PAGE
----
STUART BROAD’S brave resistance was ended by Hawkeye at Centurion today as the controversial Umpire Decision Referral System left England reeling once more.
Umpire Aleem Dar gave the Nottinghamshire paceman not out when he was rapped on the pads by the innocuous slow bowling of JP Duminy with England teetering on 242-7.
The South Africans had a chat and 34 seconds later, they decided to appeal – and despite the ball appearing to pitch outside the line of off-stump, Broad was given the electronic finger. Furious, he appealed to the umpires but high in the stands, it was television official Amiesh Saheba who needed a talking to.
And Broad did exactly that – we’ve just seen him walking out of the television replay room here. His dad Chris, of course, is a well-known match referee and former Test opener. Broad jnr apparently feels the South Africans had been given a signal from the dressing-room, which is against the rules.
By then, England’s hopes of reaching parity with South Africa were all but over. At 281-8 with Graeme Swann (a startlingly confident 29) and Jimmy Anderson (a nearly as good 18) battling on, they are still 141runs behind thanks to a very average spinner and aided by the suicidal efforts of Ian Bell and Matt Prior.
There were snorts of derision when Bell left a straight one from Paul Harris, assuming he might actually turn the ball. It just went straight on and bowled him. Harris has 4-90. And he’s more Phil Tufnell than Muttiah Muralitharan, this fellow.
The once-docile first Test pitch, which allowed the home side to plod along to 418, has given way to a day-three demon which claimed captain Andrew Strauss just seven overs into the morning session, having added just two runs to his impressive overnight 44.
It was drinks all round as Makhaya Ntini, on his 100th appearance, got one to zip through low beneath Strauss’s desperate defence to rattle the furniture. Sponsors Castle lager are offering a free beer to everyone in the ground when Ntini takes a wicket. The Barmy Army were first in the queue, despite their chronic disappointment.
Suddenly the ease with which Strauss and Trott added 63 in 17 overs last night was forgotten. Ntini ran to sun-soaked fans, arms raised. His 389th wicket puts him one closer to Shaun Pollock’s South African record of 421 Test victims. Not a bad morning for South Africa’s first black cricketer, who had earlier received a congratulatory letter from Nelson Mandela, the former President who brought peace to this nation and added colour to their sports teams in 1993.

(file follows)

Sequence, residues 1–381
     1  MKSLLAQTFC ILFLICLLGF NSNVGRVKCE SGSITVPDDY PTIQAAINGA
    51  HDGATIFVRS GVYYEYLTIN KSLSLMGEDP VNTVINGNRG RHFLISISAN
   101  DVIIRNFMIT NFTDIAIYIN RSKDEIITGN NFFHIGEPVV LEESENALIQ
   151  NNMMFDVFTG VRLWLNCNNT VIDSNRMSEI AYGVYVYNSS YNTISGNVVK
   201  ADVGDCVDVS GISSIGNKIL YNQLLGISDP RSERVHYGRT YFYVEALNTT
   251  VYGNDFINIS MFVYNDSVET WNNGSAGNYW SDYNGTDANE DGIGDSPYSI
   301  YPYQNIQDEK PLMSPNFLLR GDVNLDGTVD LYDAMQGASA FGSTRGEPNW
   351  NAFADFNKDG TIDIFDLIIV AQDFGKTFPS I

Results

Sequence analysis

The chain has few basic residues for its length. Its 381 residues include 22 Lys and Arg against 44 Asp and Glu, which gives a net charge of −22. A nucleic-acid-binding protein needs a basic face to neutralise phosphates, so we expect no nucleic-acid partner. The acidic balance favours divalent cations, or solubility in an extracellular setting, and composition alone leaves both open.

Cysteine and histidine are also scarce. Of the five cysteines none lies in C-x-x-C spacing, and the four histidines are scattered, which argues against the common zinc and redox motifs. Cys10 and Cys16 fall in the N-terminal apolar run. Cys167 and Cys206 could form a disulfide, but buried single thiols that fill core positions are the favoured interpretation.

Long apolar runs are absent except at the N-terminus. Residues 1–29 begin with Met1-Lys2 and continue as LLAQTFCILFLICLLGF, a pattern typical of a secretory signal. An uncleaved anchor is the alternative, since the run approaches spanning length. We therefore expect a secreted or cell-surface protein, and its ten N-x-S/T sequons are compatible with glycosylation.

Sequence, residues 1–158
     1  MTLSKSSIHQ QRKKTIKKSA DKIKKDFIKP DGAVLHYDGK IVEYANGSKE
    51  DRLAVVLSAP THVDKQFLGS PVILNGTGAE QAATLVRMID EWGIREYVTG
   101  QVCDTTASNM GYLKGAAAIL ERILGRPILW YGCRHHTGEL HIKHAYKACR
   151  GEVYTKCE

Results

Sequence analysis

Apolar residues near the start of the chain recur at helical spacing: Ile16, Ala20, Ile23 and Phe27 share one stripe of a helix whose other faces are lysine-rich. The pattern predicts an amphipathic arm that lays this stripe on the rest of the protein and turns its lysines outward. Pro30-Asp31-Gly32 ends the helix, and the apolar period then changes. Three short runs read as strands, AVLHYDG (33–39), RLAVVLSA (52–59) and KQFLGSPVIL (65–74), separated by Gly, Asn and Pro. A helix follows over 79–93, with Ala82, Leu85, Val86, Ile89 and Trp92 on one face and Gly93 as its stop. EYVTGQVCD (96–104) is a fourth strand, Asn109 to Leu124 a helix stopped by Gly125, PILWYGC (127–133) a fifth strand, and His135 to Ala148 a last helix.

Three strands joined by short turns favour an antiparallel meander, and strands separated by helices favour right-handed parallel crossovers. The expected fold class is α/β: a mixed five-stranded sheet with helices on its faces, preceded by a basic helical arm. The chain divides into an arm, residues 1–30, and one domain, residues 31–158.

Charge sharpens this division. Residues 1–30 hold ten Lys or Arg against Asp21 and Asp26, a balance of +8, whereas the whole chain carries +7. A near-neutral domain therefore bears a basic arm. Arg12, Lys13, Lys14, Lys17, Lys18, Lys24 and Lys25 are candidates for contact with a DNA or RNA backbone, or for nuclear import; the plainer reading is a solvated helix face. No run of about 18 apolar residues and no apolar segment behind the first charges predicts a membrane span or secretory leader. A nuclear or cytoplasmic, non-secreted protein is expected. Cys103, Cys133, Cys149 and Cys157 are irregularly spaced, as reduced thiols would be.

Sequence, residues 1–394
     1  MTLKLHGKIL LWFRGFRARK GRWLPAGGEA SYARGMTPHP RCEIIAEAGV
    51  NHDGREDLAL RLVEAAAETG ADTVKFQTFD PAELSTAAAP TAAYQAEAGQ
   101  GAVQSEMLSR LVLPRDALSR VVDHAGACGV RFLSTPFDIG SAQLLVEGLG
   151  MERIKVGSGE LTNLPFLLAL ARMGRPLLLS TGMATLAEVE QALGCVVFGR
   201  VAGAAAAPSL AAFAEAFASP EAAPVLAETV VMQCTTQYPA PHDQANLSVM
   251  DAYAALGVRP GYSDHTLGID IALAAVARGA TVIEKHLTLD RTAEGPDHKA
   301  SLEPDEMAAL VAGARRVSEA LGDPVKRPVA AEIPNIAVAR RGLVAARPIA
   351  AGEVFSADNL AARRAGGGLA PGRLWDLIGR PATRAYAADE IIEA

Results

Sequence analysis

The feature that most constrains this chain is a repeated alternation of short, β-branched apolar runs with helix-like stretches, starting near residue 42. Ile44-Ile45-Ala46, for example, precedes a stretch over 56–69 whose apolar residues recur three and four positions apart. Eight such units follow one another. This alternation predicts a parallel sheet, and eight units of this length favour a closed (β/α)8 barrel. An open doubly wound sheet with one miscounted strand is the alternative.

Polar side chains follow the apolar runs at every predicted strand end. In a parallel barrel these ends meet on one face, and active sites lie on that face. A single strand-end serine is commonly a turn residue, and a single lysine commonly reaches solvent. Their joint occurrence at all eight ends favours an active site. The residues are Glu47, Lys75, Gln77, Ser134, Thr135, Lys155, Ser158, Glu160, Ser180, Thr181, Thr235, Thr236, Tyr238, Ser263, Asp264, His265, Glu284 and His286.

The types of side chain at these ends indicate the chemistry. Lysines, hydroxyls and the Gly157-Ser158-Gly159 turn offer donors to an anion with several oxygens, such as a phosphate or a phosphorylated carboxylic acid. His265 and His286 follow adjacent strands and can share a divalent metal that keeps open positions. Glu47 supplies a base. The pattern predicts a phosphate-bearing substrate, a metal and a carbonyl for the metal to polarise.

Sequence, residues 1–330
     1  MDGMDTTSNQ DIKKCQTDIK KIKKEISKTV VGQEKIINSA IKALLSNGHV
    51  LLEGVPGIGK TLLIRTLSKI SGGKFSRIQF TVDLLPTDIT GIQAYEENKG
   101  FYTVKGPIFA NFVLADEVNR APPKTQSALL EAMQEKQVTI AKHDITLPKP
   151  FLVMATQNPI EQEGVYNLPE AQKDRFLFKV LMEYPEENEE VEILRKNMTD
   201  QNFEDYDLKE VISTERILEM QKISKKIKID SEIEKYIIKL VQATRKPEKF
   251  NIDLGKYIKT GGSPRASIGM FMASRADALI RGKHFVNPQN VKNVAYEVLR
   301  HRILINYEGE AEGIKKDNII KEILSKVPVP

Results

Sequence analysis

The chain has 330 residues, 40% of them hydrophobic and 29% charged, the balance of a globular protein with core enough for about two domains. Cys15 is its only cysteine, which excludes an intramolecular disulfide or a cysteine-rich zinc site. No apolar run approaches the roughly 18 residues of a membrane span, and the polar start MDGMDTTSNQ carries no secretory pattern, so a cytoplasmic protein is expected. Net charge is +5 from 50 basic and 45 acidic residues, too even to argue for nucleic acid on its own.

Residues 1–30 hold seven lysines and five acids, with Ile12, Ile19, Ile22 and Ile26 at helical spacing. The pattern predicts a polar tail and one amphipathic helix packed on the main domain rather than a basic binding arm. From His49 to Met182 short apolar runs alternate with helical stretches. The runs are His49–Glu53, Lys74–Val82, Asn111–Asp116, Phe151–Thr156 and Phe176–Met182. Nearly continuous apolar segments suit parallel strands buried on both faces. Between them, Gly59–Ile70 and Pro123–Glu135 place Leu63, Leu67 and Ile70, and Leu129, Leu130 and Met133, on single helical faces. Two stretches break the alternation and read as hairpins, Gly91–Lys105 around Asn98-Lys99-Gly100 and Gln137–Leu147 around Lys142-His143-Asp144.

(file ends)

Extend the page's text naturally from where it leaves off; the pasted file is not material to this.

Following Johannesburg-born Strauss’s departure, Pietermaritzburg-born Pietersen came out to join Cape Town-born Trott. The only non-South African on the field? Harris, born in Salisbury, Rhodesia, now known as Harare, Zimbabwe.
Pietersen got a remarkably gentle welcome from the Centurion fans. The lack of boos was probably down to the free-flowing booze being handed out to the gathering of about 5,000.
Trott and Pietersen did their best to handle the conditions, surviving the odd shooter but looking distinctly uncomfortable until the arrival of the very ordinary spinner Harris.
Then Trott made the mistake of thinking Harris could turn the ball. He charged down the pitch, took a huge heave allowing for spin... and the ball simply kept dead straight and caught the top of his leg stump.
Just as Pietersen was getting into his stride. Morkel got one to nip, got an inside edge... and Pietersen was bowled for 40.
Worse was to follow. Ian Bell, who should have made way for all-rounder Luke Wright or seamer Ryan Sidebottom here, chose to shoulder arms to. Once more he must have assumed Harris actually turns the ball. It didn’t deviate, it just went straight on into the stumps. Incredible.
Harris must have thought Christmas had come early when, after facing 34 balls and scoring four runs, Matt Prior finally decided to have a go and popped one into the hands of Friedel de Wet.
And Harris’s tally went to four when, an over later, he actually turned one and Jacques Kallis took the catch at first slip to dismiss Paul Collingwood (above) for a fine 50 off 87 balls as England slumped to 221-7.
The review system put paid to Stuart Broad’s resistance. Despite the ball pitching outside off-stump, he went for 17 and JP Duminy, another average spinner, had his first wicket. It’s painful to watch. But Swann and Anderson were soon showing the so-called batsmen how to go about it, plundering late runs and closing the gap as day three drifted to a sweaty close.